My vet was against it as she didn’t think it would be possible to get the critical calcium/phosphorus balance in the diet (she insisted I include organ meat, which I do). During this time, I was feeding my young dog a combination of canned and dry food, and purchasing dried chicken and liver treats for snacks.

I researched the dog food brands and tried to find a high quality brand, but it seemed like most of them got their ingredients from China, and it was hard for them to trace the ingredient origins much further. This did not sit well with me, and at every meal I watched my dog’s reaction to the food.

Usually the first day he was enthusiastic enough, but as the days progressed he was less and less interested, and by day 4 or 5, didn’t want to eat it. I wonder if he got a bad feeling from it.

Rather than try to coax him to eat something that was likely not so great, I would switch to a brand I thought might be better, but the same thing happened over and over. Finally, a light went on in my head and I decided that if I purchased meat when it went on sale, I might be able to actually make the wet food myself for cheaper that it cost me to buy it in the cans.

I buried myself in my doggie nutrition books and also looked for recipes online. Finally I settled on one that seemed to address most of the recommendations:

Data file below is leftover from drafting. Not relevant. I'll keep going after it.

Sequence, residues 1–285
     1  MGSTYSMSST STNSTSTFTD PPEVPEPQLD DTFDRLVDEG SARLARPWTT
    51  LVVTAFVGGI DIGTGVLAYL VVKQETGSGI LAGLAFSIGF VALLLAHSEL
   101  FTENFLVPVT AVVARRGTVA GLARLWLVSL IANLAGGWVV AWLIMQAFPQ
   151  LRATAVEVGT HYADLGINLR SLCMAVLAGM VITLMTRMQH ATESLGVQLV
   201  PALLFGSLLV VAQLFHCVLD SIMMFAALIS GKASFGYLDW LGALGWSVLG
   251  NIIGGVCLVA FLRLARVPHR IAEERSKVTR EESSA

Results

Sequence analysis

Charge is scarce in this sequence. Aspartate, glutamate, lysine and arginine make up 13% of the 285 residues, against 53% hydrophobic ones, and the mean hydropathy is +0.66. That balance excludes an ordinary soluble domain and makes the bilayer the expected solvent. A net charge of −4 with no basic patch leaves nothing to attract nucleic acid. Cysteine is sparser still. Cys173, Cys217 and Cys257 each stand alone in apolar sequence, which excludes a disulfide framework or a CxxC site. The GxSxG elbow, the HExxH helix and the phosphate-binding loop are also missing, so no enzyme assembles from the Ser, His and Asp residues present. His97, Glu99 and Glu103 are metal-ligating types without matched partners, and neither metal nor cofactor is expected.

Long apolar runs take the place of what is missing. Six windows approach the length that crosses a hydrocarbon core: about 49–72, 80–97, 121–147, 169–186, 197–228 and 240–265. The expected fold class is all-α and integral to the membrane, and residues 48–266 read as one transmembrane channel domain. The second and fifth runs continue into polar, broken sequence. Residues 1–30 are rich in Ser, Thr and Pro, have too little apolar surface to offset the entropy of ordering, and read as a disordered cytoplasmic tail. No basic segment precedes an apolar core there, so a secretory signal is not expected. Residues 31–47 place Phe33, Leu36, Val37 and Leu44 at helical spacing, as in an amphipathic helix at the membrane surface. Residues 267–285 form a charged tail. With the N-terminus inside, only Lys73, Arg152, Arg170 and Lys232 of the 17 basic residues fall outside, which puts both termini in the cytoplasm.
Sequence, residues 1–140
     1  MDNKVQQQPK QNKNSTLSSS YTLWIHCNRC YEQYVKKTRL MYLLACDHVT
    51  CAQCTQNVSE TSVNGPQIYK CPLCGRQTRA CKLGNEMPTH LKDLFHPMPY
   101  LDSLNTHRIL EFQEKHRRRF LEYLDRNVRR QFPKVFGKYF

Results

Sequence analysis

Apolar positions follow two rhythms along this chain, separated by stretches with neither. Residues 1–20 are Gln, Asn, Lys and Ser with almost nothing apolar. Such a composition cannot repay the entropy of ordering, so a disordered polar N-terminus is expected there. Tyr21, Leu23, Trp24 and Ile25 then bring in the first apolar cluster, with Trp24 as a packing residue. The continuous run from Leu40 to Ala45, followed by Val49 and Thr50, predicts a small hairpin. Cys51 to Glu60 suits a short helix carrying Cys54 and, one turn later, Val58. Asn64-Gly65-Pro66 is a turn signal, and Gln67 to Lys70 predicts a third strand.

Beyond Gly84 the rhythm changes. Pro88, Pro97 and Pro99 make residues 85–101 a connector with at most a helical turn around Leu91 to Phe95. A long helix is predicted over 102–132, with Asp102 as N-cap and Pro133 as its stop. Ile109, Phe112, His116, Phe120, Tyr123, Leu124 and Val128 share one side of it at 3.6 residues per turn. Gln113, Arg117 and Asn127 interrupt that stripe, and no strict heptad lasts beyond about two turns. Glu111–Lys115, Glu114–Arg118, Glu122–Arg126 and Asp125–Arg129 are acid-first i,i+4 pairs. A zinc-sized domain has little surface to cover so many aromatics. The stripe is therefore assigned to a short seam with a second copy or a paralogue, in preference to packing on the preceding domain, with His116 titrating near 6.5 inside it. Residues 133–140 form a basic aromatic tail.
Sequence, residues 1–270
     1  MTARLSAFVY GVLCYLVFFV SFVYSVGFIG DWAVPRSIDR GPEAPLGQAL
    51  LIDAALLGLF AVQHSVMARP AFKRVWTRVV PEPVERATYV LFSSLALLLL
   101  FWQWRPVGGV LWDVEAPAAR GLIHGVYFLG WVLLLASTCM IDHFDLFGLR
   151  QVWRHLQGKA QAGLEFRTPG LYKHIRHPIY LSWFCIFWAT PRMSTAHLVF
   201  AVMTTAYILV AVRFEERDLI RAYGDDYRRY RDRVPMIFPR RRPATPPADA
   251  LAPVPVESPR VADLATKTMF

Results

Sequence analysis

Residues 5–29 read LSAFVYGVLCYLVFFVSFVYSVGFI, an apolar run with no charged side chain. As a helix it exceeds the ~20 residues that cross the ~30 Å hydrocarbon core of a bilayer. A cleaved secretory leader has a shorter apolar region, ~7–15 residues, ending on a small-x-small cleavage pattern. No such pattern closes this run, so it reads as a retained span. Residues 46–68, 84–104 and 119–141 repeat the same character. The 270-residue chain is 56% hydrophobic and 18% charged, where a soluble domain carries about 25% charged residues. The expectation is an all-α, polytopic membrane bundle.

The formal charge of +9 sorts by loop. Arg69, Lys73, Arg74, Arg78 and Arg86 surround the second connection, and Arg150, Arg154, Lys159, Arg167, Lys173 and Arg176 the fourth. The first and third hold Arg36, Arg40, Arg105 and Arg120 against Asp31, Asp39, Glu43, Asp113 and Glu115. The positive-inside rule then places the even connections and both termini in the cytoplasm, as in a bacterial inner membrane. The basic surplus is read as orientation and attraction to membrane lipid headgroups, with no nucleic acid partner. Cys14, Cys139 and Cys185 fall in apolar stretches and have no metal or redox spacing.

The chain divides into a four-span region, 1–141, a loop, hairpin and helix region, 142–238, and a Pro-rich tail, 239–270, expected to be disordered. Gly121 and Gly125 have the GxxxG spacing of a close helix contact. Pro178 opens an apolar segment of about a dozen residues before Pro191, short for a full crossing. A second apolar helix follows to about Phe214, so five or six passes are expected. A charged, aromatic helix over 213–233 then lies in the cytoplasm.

Amanda’s Homemade Dog Food

This recipe feeds my two standard poodles for about 12 days, and makes about 18 lbs of food, which we put in 24 oz containers and freeze. Each container feeds both dogs for one day.

  • 10-12 lbs muscle meat
  • 2-3 lbs organ meat
  • 12 cups cooked rice (4 cups dry)
  • 6  medium carrots
  • 4 medium yams
  • ¼ cup seaweed
  • ¼ cup crushed eggshells or bonemeal

To cook the meat, I purchased a 5 gallon tamale pot from Target for $19. We throw in everything together except the seaweed and eggshells, which can be added after the other ingredients are cooked. Also, we pre-steam the carrots since they take so long to soften.

It’s important for all ingredients to be soft and cooked so they will get down the chute of the grinder without clogging it up.

Cooking will usually take a couple of hours and it only needs minimal stirring after it’s been brought to a boil and covered and put on low.  During this time you can relax or set up the grinder and containers for the next part.

We got our first grinder from Bed Bath and Beyond (a Cuisinart), but it kept breaking so we returned it. I researched grinders on and ended up getting one that was the best reviewed and haven’t been sorry. It’s worth spending about $200 on it and will save you many headaches later.